It's the beginning of summer 2018. I'm in Isfahan, Iran. I sip a refreshing Spritz, bask in the sun after a fascinating visit of the titanic palace Ali Qapou. It's not my drink that gets me drunk – I need a little more – but the whirlwind of memories I've just accumulated over the past few days. What a beauty ! And that we feel small in front of so much History! 21st century Iran vibrates at the same pace as seventeenth century Persia, animated by a thousand and one colors.
In front of me, my friend fanned out of the hand while raising her sunglasses on her skull; they drown in her dense brown hair. She smiles at me and stands up to look at Naghsh-e Djahan Square. I observe it. Nasrin's profile is an exact reflection of her character: her straight nose, her projecting chin, her conquering forehead … She is a determined woman, forward looking, hopeful. The kind of people we welcome to know, because to see it being, to observe it act as an inexhaustible source of inspiration.
Me neither, I'm not exhausted. Despite the kilometers traveled, from the ruins of Persepolis to the Kaluts desert, I am contaminated by the contagious energy of Nasrin. Together, we lost ourselves in the largest bazaar in the world, in Tehran, among the bright fabrics, borne by the heady smell of tanned leather and spices. Together, we admired the black rock in the desert of Dasht-e Lut, the dunes as far as the eye could see … Together, we breathed the fresh air of the mountain, above the red village of Abyaneh.
To go further, read our file "Persia: awakening of a civilization"
She stretches, takes a sip of tea. "By the way, that's it! Iran is registered on the UN Commission on the Status of Women! You think you can talk about it in your show in France? We are drinking at the success she has been hoping for so many years. From her beginnings as a lawyer, Nasrin defended human rights, and women's rights. A few months earlier, she successfully pleaded to defend her fellow citizens who claimed the right to go out without being veiled.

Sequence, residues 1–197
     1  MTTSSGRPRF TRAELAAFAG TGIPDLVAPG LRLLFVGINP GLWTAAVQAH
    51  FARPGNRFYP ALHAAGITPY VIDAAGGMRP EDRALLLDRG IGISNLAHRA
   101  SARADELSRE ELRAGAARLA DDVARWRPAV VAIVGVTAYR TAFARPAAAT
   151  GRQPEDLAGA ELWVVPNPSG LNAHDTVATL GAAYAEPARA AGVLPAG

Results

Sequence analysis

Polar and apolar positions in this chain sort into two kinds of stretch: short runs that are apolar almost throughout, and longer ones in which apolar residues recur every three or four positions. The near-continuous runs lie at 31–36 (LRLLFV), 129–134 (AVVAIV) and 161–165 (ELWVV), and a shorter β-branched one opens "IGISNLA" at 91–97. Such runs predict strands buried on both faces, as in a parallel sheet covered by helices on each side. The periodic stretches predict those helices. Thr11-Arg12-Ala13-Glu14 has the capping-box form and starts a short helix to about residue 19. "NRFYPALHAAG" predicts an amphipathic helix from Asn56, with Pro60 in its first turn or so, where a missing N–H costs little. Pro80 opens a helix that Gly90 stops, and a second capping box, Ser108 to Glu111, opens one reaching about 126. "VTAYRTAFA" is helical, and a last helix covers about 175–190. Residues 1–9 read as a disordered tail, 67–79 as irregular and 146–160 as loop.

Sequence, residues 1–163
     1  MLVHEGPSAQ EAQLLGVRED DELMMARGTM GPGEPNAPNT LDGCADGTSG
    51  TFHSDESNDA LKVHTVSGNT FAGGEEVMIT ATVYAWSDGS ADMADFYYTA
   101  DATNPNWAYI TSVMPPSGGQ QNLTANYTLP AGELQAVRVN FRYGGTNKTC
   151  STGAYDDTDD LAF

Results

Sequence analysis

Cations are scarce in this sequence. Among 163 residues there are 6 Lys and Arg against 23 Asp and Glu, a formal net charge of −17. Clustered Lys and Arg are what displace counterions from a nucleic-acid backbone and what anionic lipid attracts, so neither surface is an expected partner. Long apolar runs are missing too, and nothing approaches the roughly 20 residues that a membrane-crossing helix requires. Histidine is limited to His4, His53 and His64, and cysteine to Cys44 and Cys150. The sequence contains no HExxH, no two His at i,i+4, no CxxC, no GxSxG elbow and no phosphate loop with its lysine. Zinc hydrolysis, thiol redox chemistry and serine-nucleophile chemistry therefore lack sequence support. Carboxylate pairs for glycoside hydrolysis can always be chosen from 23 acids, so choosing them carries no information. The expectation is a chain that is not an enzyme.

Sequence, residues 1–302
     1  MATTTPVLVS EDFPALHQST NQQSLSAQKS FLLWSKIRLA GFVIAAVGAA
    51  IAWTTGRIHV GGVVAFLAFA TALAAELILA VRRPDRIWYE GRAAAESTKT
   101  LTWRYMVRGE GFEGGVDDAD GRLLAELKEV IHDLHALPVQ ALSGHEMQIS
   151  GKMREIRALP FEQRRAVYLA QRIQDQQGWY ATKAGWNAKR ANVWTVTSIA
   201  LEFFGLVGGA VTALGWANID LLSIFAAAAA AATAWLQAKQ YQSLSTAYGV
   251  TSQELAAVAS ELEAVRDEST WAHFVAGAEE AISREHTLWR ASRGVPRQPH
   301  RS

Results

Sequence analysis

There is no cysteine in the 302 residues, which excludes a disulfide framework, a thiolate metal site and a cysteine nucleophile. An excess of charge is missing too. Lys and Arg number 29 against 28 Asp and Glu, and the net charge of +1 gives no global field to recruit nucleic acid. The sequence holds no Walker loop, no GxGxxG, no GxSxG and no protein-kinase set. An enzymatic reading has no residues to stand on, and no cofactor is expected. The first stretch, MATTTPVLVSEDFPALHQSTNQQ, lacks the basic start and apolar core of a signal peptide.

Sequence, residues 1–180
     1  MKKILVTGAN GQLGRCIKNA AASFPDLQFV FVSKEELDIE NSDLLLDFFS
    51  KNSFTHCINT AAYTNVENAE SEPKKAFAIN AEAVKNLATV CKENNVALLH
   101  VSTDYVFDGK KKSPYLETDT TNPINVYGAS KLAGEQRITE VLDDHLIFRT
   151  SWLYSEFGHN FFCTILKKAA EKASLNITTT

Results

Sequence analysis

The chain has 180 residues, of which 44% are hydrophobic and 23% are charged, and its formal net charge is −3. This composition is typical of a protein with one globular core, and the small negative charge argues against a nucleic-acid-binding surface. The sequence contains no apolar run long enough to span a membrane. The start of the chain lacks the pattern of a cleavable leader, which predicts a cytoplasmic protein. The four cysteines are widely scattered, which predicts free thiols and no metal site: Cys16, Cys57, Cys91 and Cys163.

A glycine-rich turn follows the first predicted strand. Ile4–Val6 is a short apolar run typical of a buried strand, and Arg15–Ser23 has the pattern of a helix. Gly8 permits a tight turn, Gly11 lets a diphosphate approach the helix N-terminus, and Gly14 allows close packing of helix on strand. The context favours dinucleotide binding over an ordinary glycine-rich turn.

Yes, this summer of 2018 was really the best of all. The dream vacation. Or rather, the dream holidays.
Because I will probably never see all these wonders that Iran reserves. I certainly will not have the opportunity to meet Nasrin Sotoudeh either. In the summer of 2018, she was not on a terrace, hair in the wind, to sunbathe. She was arrested on 13 June and sentenced to 144 lashes. And, incidentally, 38 years in prison.
His crime? She showed her hair; to defend the right of Iranian women to do so. And it's a crime. In a country that had banned the wearing of the veil in 1935. In a modern country that shone, there is little, by the quality of his university.
Today, in 2019, Iran vibrates at the same pace as Persia in the seventeenth century: animated by a thousand and one injustices. A woman will be whipped, one hundred and forty-eight times, by men. Because she demands equality. Because she defends human rights. Because she dreams of freedom. Because she practices her profession: lawyer.
To all those who are still wondering what feminism can do, imagine that you are tied to a black square of people, before a crowd stretching as far as the eye can see, that you tear off your shirt. Imagine the leather penetrating your skin, the first bite. Violence. Suffering. The horror. Screams. Your body ravaged. And your executioner sitting back in a smile, raising his arm again. Imagine it. One hundred and forty-eight times.
Can we only survive one hundred and forty-eight lashes? I do not know. I can not believe that such barbarism is possible in the same world where I live, who am free to express myself as I wish, free to do a job. I, who every evening, on stage, throws on the fly words that would earn me a certain performance over there.
Then there is a time for words, and a time for action.
Here are the words: FREE NASRIN SOTOUDEH.
Here is the action: SIGN THE PETITION.